Larissa, Kristen, Beth, Marc, Steve, David, and Nancy. These are the people in my small circle of friends who write better than I do.
Yet here I am with a writing job at WORLD, while they are, respectively, a missionary, physical therapist, National Book Award finalist, pastor, pastor, contractor, and interpreter for the deaf. (OK, the author in the middle messes up my point.)
The question of gifts arises. What is a “gift”? Is it your talent? Or is it the fact that you have the job? The word “gift” is ambiguous. You can marvel at a person’s artwork and say, “What a gift!” But you can also marvel that an average person has been privileged with a plum job.
Why would God give a person that plum job when there are more talented people around? Beats me. Maybe He has something to teach that modestly gifted person about learning to trust Him. Or maybe if that person had more talent she would be insufferable. Or maybe she would grow autonomous from God and not spent time on her knees. God is interested in our sanctification, not in having our name in lights. God gave the Apostle Paul unique revelations of heaven—and then a thorn in the flesh to keep him from being too “elated.”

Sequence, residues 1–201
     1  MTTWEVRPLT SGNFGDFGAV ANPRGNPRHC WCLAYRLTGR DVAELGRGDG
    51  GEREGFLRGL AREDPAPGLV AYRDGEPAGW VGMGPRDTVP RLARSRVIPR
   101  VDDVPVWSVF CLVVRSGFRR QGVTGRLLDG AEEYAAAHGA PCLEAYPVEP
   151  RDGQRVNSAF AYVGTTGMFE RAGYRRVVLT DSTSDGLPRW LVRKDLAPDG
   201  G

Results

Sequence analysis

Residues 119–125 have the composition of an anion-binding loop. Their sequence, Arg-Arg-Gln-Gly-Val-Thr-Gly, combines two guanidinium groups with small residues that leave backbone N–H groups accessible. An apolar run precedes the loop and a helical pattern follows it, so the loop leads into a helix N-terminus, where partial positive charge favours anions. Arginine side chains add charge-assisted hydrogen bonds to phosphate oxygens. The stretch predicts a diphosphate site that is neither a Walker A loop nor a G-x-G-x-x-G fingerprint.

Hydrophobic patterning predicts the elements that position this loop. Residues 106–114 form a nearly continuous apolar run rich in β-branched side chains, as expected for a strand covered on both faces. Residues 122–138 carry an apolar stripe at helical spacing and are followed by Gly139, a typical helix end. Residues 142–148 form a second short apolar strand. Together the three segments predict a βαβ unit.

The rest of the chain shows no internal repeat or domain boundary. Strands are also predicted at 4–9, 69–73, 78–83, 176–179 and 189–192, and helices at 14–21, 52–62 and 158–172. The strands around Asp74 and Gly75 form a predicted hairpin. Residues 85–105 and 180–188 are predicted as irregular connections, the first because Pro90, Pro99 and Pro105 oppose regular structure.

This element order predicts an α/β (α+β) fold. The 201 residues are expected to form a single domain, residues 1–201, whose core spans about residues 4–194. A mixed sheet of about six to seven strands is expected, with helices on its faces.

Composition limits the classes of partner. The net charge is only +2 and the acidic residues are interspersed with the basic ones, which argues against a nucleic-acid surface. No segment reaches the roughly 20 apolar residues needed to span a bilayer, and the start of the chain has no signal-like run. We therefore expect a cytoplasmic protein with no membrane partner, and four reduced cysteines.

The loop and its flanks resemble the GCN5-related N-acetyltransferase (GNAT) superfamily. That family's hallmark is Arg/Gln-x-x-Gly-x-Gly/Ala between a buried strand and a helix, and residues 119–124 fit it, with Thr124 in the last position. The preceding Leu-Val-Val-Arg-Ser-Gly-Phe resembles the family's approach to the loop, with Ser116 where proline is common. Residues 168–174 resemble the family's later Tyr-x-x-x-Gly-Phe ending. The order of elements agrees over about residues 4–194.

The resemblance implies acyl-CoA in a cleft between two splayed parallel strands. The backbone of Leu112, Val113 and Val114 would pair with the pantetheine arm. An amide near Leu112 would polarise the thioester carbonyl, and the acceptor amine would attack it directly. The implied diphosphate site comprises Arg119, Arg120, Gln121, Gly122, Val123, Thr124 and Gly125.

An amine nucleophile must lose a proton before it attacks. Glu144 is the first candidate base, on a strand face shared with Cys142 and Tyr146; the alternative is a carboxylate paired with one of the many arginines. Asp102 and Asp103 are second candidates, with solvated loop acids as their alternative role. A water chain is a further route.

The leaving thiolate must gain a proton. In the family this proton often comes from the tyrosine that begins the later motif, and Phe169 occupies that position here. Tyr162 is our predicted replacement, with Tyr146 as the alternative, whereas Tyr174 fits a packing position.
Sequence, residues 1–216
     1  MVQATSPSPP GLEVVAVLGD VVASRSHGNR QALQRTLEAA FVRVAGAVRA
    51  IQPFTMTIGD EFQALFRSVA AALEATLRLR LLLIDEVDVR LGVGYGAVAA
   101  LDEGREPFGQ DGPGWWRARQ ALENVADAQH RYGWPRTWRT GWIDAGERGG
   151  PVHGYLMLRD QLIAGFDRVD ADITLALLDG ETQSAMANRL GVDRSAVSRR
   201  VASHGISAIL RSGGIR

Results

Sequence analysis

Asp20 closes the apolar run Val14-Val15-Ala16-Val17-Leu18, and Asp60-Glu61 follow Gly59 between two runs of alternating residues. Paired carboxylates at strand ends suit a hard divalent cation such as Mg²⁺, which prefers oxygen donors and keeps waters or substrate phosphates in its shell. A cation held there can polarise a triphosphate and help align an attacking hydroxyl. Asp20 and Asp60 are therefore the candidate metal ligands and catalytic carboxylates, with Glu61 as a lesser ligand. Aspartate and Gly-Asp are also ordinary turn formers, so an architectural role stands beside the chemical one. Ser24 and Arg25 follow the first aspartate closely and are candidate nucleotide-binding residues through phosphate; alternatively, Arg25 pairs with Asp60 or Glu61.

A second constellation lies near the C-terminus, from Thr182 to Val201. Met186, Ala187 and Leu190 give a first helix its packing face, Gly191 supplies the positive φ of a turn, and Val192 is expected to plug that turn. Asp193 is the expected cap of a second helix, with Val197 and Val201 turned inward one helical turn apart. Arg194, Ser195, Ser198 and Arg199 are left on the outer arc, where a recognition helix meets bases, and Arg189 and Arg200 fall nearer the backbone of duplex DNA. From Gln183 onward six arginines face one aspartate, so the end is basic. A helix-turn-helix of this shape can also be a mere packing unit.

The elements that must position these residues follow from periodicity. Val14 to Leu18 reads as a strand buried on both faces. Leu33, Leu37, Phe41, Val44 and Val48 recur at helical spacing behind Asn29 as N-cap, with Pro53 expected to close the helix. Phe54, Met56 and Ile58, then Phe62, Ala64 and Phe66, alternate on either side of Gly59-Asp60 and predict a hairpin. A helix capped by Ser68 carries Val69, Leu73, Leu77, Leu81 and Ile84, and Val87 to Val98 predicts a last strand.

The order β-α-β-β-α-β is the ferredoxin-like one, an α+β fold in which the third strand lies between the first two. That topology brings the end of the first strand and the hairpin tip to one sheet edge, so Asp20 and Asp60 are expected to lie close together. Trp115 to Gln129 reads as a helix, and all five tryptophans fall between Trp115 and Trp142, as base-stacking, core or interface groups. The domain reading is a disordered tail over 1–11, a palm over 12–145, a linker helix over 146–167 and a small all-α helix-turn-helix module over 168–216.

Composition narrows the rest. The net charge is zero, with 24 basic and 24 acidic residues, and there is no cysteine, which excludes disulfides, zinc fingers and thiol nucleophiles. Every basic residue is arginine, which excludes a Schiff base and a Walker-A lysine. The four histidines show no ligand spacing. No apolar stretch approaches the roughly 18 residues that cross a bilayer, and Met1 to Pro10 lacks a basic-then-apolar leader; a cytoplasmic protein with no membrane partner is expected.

In Matthew 25:14-30 a master going on a long trip entrusts three servants with money to invest while he’s away. He does not dispense equal amounts. The underdog lover in us wants the story to end as follows: The two who have a lot to work with are proud and lazy and squander it, while the man given a little invests his little and is praised.
But that’s not what happens. The two men with the larger endowment do well, but the man with the little does nothing. Why? We can only speculate. He blames the master’s harshness. But can it be that he spent all his time wishin’ and whinin’ about his middling gift, and he decided that if he couldn’t have the best gift, he wasn’t even going to try?
Let us work hard with the measure we have. God never called us to be anything but faithful.